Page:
Tips for Positive Change in the New Year

11/17/2011 09:02 am ET
  • Colleen Perry Licensed Marriage and Family Therapist in the state of California

With the New Year approaching, I know I'm not the only one thinking about changes I'd like to make in 2009. To do this, I ask myself, what qualities really worked for me this year and what qualities didn't serve me so well that I can "let go" of.

For instance, I made a commitment to myself in 2007 to "let go" of self-consciousness. The result was that I had to come to terms with my perfectionism and how I view myself. Self-consciousness cannot exist without self-judgment... I have been militant about looking at all my self-judgments and combating them with compassion. (I'm noticing my use of the terms "militant" and "combating" and realize I still have a way to go as far as compassion for self is concerned). Sometimes that compassion comes in the form of positive affirmations or self-talk, and sometimes it means giving up certain behaviors, like working out in order to "deserve" to like myself. This has helped me enormously when trying to prioritize my time. I now ask myself "What feels joyful?" and then I do that! I've also chosen to examine where those judgments come from and what parts of me need healing for all my years of self-abuse.

This year I'm focusing on the quality of patience... never my strong suit. I'm finding that by waiting, either to act or to say something that's bothering me -- often situations tend to resolve themselves. That doesn't mean that I'm passively living my life. On the contrary, I'm usually quite pro-active about things. But sometimes, in my need to express my negative feelings without censoring, I'll act too quickly when waiting would have been more prudent. This emotionally-laden tight rope that I walk is a direct result of years of "people pleasing" and suppressing negative feelings. Everyone needs to find the balance between patience and expression that is right for them.

So patience is the quality I'm embracing. What I would like to have less of in my life is my need to make my point of view the right point of view. What I'm realizing more and more is that my feelings are always right (feelings don't lie, they're automatic, no sense judging them), but that everyone feels that their point of view is the right one. This year it's my intention not so much to be "right" but to have my needs for understanding and consideration met. And when I'm determining my priorities this year- what to fit into my schedule and what to get rid of, I always consider the following story that was told to me many years ago by my dear friend, Ana...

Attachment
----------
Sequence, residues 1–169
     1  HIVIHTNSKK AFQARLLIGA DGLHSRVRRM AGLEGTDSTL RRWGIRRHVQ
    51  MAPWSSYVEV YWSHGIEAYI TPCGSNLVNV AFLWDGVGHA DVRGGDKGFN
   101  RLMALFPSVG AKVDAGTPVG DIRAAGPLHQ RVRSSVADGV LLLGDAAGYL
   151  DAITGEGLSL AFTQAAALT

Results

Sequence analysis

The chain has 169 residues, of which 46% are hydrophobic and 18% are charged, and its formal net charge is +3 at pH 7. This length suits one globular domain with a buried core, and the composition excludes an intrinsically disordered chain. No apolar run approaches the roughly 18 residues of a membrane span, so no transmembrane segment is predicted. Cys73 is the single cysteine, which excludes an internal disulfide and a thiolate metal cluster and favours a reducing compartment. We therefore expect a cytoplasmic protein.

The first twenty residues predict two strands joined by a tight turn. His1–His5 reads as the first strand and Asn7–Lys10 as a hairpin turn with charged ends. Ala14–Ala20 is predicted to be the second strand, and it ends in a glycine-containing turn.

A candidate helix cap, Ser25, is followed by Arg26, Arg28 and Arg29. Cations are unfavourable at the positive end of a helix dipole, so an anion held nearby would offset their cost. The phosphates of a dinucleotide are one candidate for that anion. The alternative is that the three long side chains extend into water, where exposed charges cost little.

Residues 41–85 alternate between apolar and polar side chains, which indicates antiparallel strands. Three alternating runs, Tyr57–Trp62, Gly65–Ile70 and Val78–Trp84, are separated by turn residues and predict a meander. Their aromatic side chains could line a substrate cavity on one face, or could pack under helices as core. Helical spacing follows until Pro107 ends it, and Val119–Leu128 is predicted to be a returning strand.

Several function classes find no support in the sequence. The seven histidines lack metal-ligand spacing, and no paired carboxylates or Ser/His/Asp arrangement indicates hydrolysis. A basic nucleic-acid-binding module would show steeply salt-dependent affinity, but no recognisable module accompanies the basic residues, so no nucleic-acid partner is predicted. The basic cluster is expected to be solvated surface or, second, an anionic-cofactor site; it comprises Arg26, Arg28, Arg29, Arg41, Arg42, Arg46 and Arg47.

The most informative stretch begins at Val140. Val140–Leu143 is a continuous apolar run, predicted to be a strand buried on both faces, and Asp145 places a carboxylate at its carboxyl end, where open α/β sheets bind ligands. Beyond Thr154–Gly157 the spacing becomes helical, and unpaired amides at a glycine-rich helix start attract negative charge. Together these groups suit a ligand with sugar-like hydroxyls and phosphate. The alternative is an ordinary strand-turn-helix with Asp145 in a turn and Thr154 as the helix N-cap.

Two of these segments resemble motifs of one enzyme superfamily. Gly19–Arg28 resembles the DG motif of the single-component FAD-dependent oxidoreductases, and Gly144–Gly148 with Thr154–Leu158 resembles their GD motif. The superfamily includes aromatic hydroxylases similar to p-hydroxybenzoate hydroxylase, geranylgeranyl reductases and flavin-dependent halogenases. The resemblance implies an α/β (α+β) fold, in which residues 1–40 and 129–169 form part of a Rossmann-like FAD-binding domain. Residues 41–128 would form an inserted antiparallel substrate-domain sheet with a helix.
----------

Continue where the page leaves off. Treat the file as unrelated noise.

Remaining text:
The Mayonnaise Jar and 2 Cups of Coffee

When things in your life seem almost too much to handle, when 24 hours in a day are not enough, remember the mayonnaise jar and the 2 cups of coffee.

A professor stood before his philosophy class and had some items in front of him. When the class began, he wordlessly picked up a very large and empty mayonnaise jar and proceeded to fill it with golf balls. He then asked the students if the jar was full. They agreed that it was.

The professor then picked up a box of pebbles and poured them into the jar. He shook the jar lightly. The pebbles rolled into the open areas between the golf balls. He then asked the students again if the jar was full. They agreed it was.

The professor next picked up a box of sand and poured it into the jar. Of course, the sand filled up everything else. He asked once more if the jar was full. The students responded with a unanimous "yes".

The professor then produced two cups of coffee from under the table and poured the entire contents into the jar effectively filling the empty space between the sand. The students laughed.

"Now," said the professor as the laughter subsided, "I want you to recognize that this jar represents your life. The golf balls are the important things- your family, your children, your health, your friends and your favorite passions-and if everything else was lost and only they remained, your life would still be full.

The pebbles are the other things that matter like your job, your house and your car. The sand is everything else -- the small stuff. "If you put the sand into the jar first," he continued, "there is no room for the pebbles or the golf balls. The same goes for life. If you spend all your time and energy on the small stuff you will never have room for the things that are important to you.

"Pay attention to the things that are critical to your happiness. Spend time with your children. Spend time with your parents. Visit with grandparents. Take time to get medical checkups. Take your spouse out to dinner. Ride your bike with friends or just feel the breeze. Play another 18.

There will always be time to clean the house and fix the disposal. Take care of the golf balls first -- the things that really matter. Set your priorities. The rest is just sand."

One of the students raised her hand and inquired what the coffee represented. The professor smiled and said, "I'm glad you asked. The coffee just shows you that no matter how full your life may seem, there's always room for a couple of cups of coffee with a friend."